Was there a cover-up of concerning the 1995 Oklahoma City bombing? From Paul Craig Roberts at paulcraigeroberts.org:
Craig Roberts (yes, there are two of us) is a former US Marine and a 27-year veteran of the Tulsa, Oklahoma, police force. He is a capable and committed person. Since 1989 he has written 13 books. His latest, just published, Medusa File II, consists essentially of his voluminous files of the investigation of the bombing of the Alfred P. Murrah Federal Building in Oklahoma City on April 19th, 1995, known as “the Oklahoma City Bombing.” https://www.amazon.com/Medusa-File-II-Politics-Oklahoma/dp/1547027843/ref=sr_1_2?s=books&ie=UTF8&qid=1503780098&sr=1-2&keywords=Craig+Roberts
The FBI, appreciative of Roberts’ capabilities, requested his service in the investigation. As officially part of the investigation, he took the investigation seriously. The investigation proceeded rapidly, developing many leads. Numerous witnesses saw Timothy McVeigh with many dark complexioned men prior to and just after the bombing. Leads were also developed to militias in Elohim City, to the German, Strassmeir, and others.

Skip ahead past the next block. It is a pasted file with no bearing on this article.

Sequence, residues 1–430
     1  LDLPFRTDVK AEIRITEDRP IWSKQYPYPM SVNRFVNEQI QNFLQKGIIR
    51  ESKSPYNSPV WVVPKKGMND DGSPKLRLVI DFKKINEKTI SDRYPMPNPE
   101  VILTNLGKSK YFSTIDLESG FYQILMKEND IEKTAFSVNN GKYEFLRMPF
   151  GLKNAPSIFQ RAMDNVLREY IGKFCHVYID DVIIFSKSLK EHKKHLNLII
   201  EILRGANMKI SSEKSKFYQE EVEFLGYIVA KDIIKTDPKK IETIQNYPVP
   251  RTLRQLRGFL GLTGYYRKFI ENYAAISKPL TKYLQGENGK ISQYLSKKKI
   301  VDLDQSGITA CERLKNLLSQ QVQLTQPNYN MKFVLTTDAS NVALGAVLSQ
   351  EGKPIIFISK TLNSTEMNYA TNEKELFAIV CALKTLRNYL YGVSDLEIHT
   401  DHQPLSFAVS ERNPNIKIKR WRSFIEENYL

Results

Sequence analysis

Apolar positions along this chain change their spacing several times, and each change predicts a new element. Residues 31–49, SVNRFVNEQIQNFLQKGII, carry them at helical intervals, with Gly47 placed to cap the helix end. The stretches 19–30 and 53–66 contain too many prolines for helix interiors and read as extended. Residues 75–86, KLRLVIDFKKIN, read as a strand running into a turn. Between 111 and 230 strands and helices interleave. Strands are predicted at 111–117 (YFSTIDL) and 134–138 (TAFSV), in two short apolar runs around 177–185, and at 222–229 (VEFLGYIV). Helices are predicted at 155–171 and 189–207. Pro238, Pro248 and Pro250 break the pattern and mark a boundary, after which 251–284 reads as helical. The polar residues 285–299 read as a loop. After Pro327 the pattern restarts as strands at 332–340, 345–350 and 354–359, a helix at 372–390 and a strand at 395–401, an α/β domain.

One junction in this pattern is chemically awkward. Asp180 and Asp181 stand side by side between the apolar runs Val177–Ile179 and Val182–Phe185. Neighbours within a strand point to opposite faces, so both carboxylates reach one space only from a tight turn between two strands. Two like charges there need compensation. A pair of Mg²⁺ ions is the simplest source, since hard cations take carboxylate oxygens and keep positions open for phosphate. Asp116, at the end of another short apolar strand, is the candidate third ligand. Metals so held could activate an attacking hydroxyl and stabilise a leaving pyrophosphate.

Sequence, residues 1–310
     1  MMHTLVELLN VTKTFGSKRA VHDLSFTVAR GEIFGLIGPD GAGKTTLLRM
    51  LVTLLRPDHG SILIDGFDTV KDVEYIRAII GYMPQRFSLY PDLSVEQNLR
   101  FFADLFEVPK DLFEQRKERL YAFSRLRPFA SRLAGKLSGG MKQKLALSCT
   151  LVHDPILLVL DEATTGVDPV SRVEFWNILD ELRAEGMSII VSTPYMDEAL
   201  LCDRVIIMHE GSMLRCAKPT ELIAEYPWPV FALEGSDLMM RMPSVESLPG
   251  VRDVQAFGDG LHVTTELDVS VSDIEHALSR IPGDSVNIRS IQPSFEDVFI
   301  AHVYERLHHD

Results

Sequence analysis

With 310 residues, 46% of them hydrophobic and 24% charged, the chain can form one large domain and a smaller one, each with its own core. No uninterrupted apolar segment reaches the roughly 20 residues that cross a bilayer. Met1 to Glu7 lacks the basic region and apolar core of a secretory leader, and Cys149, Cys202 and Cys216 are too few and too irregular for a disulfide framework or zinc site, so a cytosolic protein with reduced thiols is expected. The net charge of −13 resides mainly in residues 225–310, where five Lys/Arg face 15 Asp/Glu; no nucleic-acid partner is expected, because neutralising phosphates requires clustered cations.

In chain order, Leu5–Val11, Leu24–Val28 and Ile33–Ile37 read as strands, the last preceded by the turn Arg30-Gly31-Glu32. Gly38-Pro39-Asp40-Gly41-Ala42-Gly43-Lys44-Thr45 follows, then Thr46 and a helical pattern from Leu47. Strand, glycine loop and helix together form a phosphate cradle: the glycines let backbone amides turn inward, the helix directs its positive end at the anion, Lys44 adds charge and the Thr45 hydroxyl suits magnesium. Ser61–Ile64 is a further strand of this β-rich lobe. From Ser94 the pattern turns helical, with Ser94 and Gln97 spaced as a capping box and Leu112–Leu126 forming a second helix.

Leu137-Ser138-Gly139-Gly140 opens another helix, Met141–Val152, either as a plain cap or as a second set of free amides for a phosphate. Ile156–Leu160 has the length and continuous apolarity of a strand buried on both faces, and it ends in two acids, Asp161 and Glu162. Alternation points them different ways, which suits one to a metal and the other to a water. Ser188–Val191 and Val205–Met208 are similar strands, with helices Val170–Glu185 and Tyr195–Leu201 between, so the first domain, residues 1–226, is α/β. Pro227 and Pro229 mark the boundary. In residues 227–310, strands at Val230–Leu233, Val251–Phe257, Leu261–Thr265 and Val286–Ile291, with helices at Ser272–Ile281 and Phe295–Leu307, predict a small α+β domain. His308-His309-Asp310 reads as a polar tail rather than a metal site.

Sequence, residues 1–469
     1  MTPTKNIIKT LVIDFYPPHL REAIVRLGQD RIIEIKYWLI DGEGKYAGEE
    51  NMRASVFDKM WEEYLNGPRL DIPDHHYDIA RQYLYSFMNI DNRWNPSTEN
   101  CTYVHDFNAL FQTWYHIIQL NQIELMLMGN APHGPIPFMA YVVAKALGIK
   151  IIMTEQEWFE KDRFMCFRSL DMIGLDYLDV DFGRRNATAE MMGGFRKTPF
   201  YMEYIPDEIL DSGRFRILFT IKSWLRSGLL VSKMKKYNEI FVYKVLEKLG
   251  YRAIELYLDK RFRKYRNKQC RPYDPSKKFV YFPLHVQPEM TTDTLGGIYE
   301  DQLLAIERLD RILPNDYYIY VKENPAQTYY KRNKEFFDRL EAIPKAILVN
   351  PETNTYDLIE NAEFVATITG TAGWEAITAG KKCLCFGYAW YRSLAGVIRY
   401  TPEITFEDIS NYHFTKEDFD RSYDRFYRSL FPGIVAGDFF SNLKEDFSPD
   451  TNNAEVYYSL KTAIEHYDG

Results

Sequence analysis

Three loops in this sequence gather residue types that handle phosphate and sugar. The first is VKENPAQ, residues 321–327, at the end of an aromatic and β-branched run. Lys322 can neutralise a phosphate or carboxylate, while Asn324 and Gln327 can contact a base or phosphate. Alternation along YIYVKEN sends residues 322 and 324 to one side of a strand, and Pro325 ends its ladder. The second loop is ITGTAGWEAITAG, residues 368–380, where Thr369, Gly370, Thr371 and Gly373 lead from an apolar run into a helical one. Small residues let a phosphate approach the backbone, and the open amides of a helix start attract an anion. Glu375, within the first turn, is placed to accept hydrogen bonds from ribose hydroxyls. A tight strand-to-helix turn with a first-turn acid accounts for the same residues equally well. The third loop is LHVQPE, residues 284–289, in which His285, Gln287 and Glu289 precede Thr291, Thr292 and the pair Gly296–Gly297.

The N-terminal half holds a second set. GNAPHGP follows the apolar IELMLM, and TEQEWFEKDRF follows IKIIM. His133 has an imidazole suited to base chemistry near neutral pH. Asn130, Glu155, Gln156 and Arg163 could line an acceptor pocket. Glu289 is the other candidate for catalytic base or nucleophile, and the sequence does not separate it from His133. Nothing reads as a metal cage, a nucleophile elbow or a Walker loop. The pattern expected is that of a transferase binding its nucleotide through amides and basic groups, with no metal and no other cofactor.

Before any of these leads could be developed, the investigation was taken over by President Bill Clinton’s Attorney General, Janet Reno. Once Washington took over, the investigation stopped. In its place was Washington’s theory that it was Tim McVeigh’s lonely protest. The volumnious evidence of McVeigh’s accomplices or controllers, as might have been the case, was in the way of the official story that imposed itself on the investigation. Many people resisted the coverup that descended on the case, including local journalists who eventually lost their jobs or moved on.
Roberts stuck it out to the end. So did black Oklahoma City Police sgt. Terrance Yeakey. For resisting the official story Yeakey paid with his life. Roberts provides the reasons he believes Yeakey had definitive evidence that the official story was a coverup. The OCPD was called off once the official story was in place, but Yeakey wouldn’t quit and became a problem. The official OCPD report says it was suicide, but Roberts recognizes homicide when he sees it. There was no autopsy and the police refused to release the police report to Yeakey’s family. Being black, they had little recourse. Remaining skeptics were dismissed as “conspiracy theorists,” and that was the end of the case.
To continue reading: No end To Coverups